Continue to Read more ...

Premature Ejaculation - Experts debate Best Treatment

Leading psychiatrists and medical authorities in the field of sexual medicine are set to debate the topic: Premature Ejaculation - Psychological Therapy is preferable to Medical Therapy.

Irwin Goldstein, MD, Editor-in-Chief of The Journal of Sexual Medicine and Director of the Institute for Sexual Medicine at Boston University School of Medicine, will moderate this controversial debate at the Royal Sonesta Hotel in New Orleans, LA during a champagne breakfast on January 15, 2005. The debate is being held as part of an annual conference given by the Sexual Medicine Society of North America (SMSNA).

According to the World Health Organization, half of men aged 40-70 have sexual dysfunction. Premature ejaculation (PE) is one of the most common forms of dysfunction experienced and it can be caused by either psychological factors or underlying medical conditions.

Arguing in favor of psychological treatment for PE are Michael Perelman, PhD and David Rowland, PhD. Dr. Perelman is Clinical Associate Professor of Psychiatry, Reproductive Medicine, and Urology at Weill Medical College of Cornell University and Dr. Rowland currently serves as editor of the Annual Review of Sex Research.

James Barada, MD, Director of the Albany Center for Sexual Health and Culley Carson, MD, Professor of Surgery and Chief of the Division of Urology at the University of North Carolina at Chapel Hill, will argue in favor of medical therapy.

PE has for a long time been considered a psychological disorder, due to factors such as societal pressures, emotions, and psychological or physical control. However, many question this and cite various physical conditions that may contribute to or be linked to PE. Much success has been reached with treatment by medical therapies, such as PDE-5 inhibitors and anti-depressants. New therapies, including those that raise serotonin, are currently being developed to treat "rapid" ejaculation."

This event is sponsored by Ortho-McNeil Women's Healthcare and Urology and Blackwell Publishing. For more information on how you can attend the debate, please contact the conference coordinator for the Sexual Medicine Society of North America at For background information and previous articles on this topic from The Journal of Sexual Medicine, please contact Sharon Agsalda at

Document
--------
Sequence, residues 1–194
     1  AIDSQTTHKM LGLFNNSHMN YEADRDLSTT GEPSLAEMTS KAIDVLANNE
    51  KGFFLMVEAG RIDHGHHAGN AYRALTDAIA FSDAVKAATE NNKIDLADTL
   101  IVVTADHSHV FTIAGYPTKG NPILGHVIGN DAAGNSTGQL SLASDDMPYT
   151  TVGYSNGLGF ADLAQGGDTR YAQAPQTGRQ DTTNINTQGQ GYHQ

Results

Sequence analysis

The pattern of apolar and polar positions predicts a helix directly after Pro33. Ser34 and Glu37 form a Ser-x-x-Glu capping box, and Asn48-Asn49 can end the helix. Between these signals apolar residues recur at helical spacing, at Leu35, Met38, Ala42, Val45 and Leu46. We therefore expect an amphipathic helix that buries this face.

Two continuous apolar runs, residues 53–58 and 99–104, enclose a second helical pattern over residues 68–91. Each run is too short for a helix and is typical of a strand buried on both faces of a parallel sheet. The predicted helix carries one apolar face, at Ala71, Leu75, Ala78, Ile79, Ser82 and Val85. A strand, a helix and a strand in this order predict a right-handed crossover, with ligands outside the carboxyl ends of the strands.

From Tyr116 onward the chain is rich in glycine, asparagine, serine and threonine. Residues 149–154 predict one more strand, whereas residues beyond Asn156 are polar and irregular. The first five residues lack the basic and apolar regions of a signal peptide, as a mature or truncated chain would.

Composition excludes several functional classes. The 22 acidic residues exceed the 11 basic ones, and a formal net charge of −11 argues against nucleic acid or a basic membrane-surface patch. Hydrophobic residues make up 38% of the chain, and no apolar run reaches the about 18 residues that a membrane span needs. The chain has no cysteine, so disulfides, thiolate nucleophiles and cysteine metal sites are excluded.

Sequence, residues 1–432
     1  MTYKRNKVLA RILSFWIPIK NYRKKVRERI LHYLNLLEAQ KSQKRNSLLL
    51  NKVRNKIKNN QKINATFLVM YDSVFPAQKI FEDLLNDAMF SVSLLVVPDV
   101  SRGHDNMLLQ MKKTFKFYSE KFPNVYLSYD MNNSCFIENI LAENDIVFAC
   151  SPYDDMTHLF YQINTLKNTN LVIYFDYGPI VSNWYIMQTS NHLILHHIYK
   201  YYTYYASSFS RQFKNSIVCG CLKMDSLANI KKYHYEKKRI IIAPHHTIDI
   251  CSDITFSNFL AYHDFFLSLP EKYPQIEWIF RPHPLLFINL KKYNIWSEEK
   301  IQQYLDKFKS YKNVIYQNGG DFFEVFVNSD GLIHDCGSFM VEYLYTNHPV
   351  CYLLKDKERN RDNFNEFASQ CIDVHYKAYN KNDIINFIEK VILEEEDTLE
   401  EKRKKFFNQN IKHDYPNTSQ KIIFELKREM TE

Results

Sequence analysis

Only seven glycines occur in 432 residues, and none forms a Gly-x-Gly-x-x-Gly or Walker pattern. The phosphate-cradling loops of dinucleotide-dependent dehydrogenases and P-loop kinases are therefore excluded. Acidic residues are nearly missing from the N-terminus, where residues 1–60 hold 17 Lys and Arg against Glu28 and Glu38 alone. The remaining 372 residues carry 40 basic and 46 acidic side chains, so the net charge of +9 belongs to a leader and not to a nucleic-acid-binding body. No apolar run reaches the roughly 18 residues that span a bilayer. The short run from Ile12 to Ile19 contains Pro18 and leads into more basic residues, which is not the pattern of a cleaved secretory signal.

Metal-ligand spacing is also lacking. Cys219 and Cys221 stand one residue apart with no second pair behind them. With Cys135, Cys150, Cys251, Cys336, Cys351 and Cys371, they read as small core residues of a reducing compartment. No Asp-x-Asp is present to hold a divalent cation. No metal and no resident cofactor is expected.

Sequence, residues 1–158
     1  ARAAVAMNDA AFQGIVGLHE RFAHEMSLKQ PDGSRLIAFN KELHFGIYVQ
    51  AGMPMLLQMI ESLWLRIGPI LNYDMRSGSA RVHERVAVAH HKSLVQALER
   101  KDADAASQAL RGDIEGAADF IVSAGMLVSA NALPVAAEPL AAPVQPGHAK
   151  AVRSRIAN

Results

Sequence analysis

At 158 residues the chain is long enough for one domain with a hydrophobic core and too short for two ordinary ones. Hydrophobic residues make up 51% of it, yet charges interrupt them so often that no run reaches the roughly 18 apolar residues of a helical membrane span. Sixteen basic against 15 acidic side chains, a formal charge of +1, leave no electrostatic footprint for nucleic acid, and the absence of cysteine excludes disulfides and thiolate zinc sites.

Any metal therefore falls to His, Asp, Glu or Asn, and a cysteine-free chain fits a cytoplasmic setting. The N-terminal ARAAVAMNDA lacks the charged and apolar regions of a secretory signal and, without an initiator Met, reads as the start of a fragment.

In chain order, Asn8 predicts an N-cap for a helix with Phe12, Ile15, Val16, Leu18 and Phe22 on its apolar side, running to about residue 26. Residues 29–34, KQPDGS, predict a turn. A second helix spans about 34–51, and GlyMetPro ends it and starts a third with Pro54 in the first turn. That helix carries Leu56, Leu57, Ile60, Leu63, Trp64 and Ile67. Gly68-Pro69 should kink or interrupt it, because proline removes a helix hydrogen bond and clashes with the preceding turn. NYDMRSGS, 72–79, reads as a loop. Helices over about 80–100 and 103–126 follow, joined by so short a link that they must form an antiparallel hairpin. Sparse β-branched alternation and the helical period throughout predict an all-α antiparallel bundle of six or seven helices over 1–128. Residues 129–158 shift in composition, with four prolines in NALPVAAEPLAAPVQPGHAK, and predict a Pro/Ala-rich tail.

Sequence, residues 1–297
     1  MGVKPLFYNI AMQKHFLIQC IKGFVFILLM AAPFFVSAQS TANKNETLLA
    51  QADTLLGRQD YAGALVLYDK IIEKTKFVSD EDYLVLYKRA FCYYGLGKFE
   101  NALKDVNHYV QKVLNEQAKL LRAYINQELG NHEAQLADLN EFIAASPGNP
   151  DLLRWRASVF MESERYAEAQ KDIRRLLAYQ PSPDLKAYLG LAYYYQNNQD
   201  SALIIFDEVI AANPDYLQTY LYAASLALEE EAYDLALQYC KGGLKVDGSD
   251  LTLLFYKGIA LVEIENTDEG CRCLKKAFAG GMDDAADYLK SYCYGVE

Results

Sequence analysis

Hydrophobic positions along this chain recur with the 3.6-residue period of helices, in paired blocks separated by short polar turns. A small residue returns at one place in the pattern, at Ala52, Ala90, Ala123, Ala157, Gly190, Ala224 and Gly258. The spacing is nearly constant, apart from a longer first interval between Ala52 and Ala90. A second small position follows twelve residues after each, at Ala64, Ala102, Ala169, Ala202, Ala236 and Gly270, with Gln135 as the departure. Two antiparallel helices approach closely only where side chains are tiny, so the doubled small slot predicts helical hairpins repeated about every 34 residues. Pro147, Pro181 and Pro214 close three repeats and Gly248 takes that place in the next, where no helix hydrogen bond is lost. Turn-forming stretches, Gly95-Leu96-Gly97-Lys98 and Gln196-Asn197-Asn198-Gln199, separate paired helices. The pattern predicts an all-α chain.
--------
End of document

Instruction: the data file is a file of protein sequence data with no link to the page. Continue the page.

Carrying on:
About The Journal of Sexual Medicine

The Journal of Sexual Medicine is the official journal of the International Society for Sexual Medicine and its five regional affiliate societies. It is the first journal owned and operated by the societies. The aim of the journal is to publish multidisciplinary basic science and clinical research to define and understand the scientific basis of male and female sexual function and dysfunction. The journal provides healthcare professionals in sexual medicine with essential educational content and promotes the exchange of scientific information generated from experimental and clinical research. The Journal of Sexual Medicine includes basic science and clinical research studies in the psychologic and biologic aspects of male and female sexual function and dysfunction, and highlights new observations and research, results with innovative treatments and all other topics relevant to clinical sexual medicine. For more information on The Journal of Sexual Medicine, please visit

About Blackwell Publishing

Blackwell Publishing is the world's leading society publisher, partnering with more than 550 academic and professional societies. Blackwell publishes over 750 journals and 600 text and reference books annually, across a wide range of academic, medical, and professional subjects. The company remains independent with over 900 staff members in offices in the US, UK, Australia, China, Denmark, Germany, and Japan. Blackwell's mission as an expert publisher is to create long-term partnerships with our clients that enhance learning, disseminate research, and improve the quality of professional practice. For more information on Blackwell Publishing, please visit or
Continue to Read more ...

Changing the Course of Depression by Changing the Environment

How many women in your practice are leaving your office with prescriptions for antidepressants? Yet do you know what questions to ask that can help you determine if their depression is the result of an emotionally abusive environment that has them feeling anxious, stressed, overwhelmed, lost, alone, and as though they're going crazy? Depressed? You bet. And most of you would be too if you lived in this constant state of emotional war zone still almost unrecognizable by our culture even today.

It has taken us decades to jump in with both feet to really dissect the intricacies of physical and sexual abuse, but emotional abuse is still barely perceptible on the horizon. And being understood � unless you've lived in it, you cannot begin to understand the "crazy making" that goes on behind closed doors �many in homes that look like the perfect Camelot from the outside.

What Is An Emotionally Abusive Environment?

It is any scenario where one person in a relationship (parent, boss, romantic partner, or even just best friends), feels more entitled, deserving, and/or more powerful than the other person � and then spends vast amounts of time proving that theory to their "lesser" partner.